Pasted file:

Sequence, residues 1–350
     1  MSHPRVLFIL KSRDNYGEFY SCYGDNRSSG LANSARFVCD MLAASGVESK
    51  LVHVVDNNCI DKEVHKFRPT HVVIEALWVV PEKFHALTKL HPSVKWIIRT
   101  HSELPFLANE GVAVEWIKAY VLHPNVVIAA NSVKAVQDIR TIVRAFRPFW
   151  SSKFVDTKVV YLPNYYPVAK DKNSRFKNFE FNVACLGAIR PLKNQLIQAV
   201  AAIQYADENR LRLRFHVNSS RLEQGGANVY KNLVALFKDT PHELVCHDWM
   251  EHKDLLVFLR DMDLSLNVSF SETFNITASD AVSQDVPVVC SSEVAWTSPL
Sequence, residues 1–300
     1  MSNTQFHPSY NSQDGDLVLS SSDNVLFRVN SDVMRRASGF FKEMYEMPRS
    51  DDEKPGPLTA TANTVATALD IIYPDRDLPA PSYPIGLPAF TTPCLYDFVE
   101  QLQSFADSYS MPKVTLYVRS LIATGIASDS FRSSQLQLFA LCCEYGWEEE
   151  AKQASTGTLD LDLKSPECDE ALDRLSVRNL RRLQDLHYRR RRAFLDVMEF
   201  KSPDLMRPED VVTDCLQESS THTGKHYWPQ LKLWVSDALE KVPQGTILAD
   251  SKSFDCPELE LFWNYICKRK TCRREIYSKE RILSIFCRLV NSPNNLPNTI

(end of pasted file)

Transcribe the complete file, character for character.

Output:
Sequence, residues 1–350
     1  MSHPRVLFIL KSRDNYGEFY SCYGDNRSSG LANSARFVCD MLAASGVESK
    51  LVHVVDNNCI DKEVHKFRPT HVVIEALWVV PEKFHALTKL HPSVKWIIRT
   101  HSELPFLANE GVAVEWIKAY VLHPNVVIAA NSVKAVQDIR TIVRAFRPFW
   151  SSKFVDTKVV YLPNYYPVAK DKNSRFKNFE FNVACLGAIR PLKNQLIQAV
   201  AAIQYADENR LRLRFHVNSS RLEQGGANVY KNLVALFKDT PHELVCHDWM
   251  EHKDLLVFLR DMDLSLNVSF SETFNITASD AVSQDVPVVC SSEVAWTSPL
Sequence, residues 1–300
     1  MSNTQFHPSY NSQDGDLVLS SSDNVLFRVN SDVMRRASGF FKEMYEMPRS
    51  DDEKPGPLTA TANTVATALD IIYPDRDLPA PSYPIGLPAF TTPCLYDFVE
   101  QLQSFADSYS MPKVTLYVRS LIATGIASDS FRSSQLQLFA LCCEYGWEEE
   151  AKQASTGTLD LDLKSPECDE ALDRLSVRNL RRLQDLHYRR RRAFLDVMEF
   201  KSPDLMRPED VVTDCLQESS THTGKHYWPQ LKLWVSDALE KVPQGTILAD
   251  SKSFDCPELE LFWNYICKRK TCRREIYSKE RILSIFCRLV NSPNNLPNTI